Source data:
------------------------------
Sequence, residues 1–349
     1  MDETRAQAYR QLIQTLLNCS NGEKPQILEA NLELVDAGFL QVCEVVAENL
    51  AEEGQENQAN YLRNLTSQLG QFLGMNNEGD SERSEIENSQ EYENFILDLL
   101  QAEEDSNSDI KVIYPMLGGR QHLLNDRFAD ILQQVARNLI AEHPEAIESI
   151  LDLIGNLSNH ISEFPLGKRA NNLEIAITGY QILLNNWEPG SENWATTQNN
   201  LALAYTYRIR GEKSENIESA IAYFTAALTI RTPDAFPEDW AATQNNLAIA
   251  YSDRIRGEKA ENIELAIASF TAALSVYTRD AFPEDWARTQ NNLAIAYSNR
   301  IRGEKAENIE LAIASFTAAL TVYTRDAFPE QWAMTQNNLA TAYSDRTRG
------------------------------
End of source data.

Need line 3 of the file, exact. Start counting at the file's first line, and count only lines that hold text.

    51  AEEGQENQAN YLRNLTSQLG QFLGMNNEGD SERSEIENSQ EYENFILDLL